A celebration honoring the Seattle Human Rights Commission's 50th Anniversary
Come learn about us and other local human rights organizations. The event will be featuring keynote speaker Therese Caouette and the 2013 Human Rights Awards.
Therese Caouette has worked with refugees, migrants and displaced persons in Southeast Asia for more than 30 years. In 2012 she received the Global Hero Award from Seattle Mayor Mike McGinn. Therese is Executive Director of Partners Asia, and is affiliate faculty of Seattle University and the University of Washington's Henry M. Jackson School of International Studies, Southeast Asian Studies program.
Thursday June 27, 2013 to Thursday December 19, 2013
Time: Always Open
In collaboration with the University at Albany, State University of New York (SUNY) and Pāññāsastra University of Cambodia, Global Service Corps (GSC) is proud to launch a Service-Learning Semester Study Abroad Program based in Phnom Penh, Cambodia this January.
15 Credit Semester Program: The Role of Civil Society and Buddhism in Post-Conflict Cambodia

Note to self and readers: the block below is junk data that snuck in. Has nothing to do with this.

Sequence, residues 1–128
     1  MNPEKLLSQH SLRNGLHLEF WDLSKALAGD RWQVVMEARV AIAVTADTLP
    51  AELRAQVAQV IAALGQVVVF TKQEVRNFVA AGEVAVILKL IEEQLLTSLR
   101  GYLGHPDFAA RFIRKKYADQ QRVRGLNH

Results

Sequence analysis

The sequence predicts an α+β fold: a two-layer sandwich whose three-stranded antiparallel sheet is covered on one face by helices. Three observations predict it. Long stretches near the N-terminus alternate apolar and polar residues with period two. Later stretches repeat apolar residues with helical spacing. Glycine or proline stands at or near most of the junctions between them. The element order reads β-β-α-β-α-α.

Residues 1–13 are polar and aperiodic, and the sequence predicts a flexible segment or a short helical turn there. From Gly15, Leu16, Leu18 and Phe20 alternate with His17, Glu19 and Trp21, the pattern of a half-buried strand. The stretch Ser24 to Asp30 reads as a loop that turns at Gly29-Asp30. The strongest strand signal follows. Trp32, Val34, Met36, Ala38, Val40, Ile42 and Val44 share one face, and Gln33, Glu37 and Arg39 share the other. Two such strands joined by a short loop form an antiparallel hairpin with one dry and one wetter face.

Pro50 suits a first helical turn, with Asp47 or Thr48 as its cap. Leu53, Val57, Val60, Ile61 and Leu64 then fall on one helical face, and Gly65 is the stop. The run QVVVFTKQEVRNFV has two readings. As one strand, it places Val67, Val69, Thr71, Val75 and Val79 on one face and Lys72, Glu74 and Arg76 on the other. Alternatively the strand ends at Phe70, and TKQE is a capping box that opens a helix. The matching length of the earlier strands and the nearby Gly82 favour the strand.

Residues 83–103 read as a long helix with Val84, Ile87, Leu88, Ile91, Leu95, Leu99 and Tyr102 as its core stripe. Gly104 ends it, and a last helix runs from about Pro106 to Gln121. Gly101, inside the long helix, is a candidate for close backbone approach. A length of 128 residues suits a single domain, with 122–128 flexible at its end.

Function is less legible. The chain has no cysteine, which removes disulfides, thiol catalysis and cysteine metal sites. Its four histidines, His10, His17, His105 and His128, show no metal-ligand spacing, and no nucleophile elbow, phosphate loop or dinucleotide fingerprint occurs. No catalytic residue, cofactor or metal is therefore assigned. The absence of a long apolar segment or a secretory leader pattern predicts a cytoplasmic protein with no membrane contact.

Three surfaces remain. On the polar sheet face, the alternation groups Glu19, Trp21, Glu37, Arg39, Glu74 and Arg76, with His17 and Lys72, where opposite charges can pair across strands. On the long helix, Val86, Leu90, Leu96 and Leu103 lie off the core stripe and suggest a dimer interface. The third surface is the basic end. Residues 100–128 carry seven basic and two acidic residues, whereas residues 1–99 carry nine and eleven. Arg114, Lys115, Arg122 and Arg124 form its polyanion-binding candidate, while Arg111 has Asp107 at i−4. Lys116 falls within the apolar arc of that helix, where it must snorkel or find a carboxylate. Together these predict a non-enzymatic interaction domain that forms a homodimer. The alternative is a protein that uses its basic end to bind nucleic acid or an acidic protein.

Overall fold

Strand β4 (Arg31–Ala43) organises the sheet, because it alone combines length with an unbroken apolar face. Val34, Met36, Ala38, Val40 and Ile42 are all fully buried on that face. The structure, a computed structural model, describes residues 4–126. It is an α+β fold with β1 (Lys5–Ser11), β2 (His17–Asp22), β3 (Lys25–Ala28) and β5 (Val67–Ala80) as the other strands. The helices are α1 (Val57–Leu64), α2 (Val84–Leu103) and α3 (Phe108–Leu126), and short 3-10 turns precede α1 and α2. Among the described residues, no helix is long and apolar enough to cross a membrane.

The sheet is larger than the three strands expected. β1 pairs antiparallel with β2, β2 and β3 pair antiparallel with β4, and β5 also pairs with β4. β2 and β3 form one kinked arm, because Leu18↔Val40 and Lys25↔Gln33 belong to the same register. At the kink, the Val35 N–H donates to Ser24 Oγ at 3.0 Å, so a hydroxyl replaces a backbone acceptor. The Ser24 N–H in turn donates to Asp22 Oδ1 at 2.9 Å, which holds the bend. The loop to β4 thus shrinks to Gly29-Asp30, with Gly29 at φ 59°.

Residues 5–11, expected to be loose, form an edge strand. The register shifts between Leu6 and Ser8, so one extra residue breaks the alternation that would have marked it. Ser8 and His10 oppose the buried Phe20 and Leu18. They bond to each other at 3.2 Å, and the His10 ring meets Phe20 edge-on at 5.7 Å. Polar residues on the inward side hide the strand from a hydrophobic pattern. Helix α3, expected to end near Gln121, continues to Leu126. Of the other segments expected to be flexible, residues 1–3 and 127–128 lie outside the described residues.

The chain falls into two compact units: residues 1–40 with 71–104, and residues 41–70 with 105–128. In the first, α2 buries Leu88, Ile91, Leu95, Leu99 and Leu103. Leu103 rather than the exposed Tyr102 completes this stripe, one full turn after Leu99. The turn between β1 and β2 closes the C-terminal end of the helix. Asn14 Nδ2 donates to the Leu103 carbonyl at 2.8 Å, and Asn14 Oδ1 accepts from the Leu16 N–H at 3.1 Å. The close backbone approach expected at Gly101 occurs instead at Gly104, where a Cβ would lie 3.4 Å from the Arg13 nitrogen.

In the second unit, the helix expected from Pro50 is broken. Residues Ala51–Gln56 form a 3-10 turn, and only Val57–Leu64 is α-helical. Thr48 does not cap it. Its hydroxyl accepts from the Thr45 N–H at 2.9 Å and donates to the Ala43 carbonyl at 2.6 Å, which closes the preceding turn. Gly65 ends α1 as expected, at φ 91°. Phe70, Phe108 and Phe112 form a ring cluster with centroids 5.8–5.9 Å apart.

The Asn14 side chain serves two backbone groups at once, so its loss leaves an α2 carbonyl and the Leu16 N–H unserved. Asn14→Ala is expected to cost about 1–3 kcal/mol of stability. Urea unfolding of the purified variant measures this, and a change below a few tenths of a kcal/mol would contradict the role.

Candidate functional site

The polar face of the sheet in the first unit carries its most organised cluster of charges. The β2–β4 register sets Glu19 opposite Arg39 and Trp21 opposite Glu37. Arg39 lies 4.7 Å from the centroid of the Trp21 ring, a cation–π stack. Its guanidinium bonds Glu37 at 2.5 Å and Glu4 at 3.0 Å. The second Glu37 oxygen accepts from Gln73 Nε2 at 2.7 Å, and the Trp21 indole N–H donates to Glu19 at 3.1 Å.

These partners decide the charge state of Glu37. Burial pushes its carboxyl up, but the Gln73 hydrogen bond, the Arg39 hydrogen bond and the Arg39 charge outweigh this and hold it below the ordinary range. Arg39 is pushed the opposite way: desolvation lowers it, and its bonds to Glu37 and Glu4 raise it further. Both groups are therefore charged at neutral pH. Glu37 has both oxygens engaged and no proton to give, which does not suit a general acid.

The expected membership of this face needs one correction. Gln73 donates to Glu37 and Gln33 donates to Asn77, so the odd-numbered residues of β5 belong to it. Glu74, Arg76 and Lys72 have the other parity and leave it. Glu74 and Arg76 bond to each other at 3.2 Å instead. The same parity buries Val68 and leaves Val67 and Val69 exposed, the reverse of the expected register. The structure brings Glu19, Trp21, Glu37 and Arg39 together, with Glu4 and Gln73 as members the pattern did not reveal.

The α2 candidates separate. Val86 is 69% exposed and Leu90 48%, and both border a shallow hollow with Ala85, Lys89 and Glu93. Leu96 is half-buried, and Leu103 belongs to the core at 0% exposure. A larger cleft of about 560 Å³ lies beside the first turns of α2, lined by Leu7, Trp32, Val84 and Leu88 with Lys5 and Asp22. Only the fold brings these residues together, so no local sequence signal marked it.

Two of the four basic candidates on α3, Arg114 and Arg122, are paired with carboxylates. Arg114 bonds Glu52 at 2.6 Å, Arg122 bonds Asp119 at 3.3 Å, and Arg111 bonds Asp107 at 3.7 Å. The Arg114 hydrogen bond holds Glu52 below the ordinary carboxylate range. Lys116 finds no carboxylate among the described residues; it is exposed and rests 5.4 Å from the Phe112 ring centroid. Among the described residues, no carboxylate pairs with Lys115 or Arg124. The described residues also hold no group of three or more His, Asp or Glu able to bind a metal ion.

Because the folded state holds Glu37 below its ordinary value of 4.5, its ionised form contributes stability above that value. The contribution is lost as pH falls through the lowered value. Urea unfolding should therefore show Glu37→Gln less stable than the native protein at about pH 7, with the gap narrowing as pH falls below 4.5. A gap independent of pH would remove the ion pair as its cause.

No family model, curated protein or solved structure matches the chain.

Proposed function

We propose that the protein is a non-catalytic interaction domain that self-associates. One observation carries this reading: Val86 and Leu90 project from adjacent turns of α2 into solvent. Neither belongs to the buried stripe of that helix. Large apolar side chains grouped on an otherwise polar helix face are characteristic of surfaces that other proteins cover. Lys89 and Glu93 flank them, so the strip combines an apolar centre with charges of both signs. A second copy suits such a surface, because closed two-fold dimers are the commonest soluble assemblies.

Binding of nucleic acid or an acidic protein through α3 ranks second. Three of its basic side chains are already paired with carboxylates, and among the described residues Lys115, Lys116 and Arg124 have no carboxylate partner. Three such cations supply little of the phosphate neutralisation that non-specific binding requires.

Spring: January 7 - April 21, 2013
Fall: September 9 - December 22, 2013 (tentative dates)
Providing an insider’s look into social development in post-conflict societies, the semester course allows students to examine the role that civil society and Buddhism play in rebuilding Cambodian communities following the Khmer Rouge genocide. Incorporating
academic, field work, and group project components, the program is an expansion of Global Service Corps’ community development work in Cambodia and is built on GSC’s successful service-learning study abroad programs in Tanzania. Students attending the 15 week semester program will qualify for 15 transferable semester credits from the University at Albany.
The program consists of three areas of focus: an intensive three-week foundations course, nine weeks of field work with an NGO engaged in development work in Cambodia, and a final Capstone project.